When designing a building, it is important to control the noise and vibration of its mechanical and electrical equipment. Without adequate consideration during design, the very equipment that provides thermal comfort and electrical power can generate annoying noise and vibration. Proven techniques are available for mitigating noise and vibration from this equipment.  The recommended acoustical design sequence for a building project is:

·         Select noise criteria for each space in the building.

·         Organize spaces to avoid adverse adjacencies of noisy equipment with quiet spaces.

·         Provide adequate noise and vibration control for equipment.


Space planning can be the most cost-effective noise control technique.  Avoid locating mechanical equipment rooms and electrical transformer rooms near spaces (either vertically or horizontally) that require low background noise levels. If this location is unavoidable, it will be necessary to introduce costly sound isolation methods such as a floating floor as shown in  Figure 4.1 or heavy masonry walls, if proper sound insulation is to be achieved. A floating floor consists of a second concrete slab installed on neoprene pads and a layer of insulation.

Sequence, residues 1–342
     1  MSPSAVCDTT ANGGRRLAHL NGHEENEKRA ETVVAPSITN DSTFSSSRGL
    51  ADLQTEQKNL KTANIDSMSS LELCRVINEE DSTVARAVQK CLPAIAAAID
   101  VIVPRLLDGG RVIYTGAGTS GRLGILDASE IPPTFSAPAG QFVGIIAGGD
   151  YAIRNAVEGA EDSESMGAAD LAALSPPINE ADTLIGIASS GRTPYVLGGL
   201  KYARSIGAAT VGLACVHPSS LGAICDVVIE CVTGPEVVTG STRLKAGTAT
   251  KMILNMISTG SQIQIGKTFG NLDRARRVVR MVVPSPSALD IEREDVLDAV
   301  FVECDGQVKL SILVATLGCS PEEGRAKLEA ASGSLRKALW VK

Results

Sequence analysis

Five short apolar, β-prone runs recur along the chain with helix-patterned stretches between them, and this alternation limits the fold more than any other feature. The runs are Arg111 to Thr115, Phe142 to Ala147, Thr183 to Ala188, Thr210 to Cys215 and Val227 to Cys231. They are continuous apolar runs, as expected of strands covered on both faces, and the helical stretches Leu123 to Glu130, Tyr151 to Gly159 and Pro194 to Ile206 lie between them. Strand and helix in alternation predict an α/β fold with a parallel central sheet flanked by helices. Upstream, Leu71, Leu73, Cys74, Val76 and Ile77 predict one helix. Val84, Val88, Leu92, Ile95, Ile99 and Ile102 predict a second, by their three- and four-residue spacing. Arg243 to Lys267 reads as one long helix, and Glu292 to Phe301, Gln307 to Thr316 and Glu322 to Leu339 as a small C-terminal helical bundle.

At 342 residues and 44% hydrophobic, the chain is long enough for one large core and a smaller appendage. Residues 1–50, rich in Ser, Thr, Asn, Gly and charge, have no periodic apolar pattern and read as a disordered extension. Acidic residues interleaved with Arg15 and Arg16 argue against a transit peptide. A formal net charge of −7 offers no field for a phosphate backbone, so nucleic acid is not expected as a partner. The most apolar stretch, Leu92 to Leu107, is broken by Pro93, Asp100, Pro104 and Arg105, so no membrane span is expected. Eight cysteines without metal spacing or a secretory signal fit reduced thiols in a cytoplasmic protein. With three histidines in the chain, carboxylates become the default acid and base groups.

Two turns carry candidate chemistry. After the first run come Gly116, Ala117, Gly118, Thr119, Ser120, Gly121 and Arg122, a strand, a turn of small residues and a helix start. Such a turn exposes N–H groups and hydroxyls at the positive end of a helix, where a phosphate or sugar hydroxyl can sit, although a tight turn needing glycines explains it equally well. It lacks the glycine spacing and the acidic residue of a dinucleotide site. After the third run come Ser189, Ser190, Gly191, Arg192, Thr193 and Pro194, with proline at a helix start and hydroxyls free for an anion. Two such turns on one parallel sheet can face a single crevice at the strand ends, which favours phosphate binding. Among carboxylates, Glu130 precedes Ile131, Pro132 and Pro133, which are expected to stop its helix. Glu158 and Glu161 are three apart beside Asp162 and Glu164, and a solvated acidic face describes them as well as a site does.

Figure 4.1 A Floating Floor construction.


 Large fans used as part of the air conditioning system in a building are sources of a significant amount of unwanted noise. The quietest type of fan that will satisfy the operating requirement should be selected whenever possible to reduce the need for mitigation measures. The cost of mitigation may exceed the cost savings for a less expensive but noisier fan.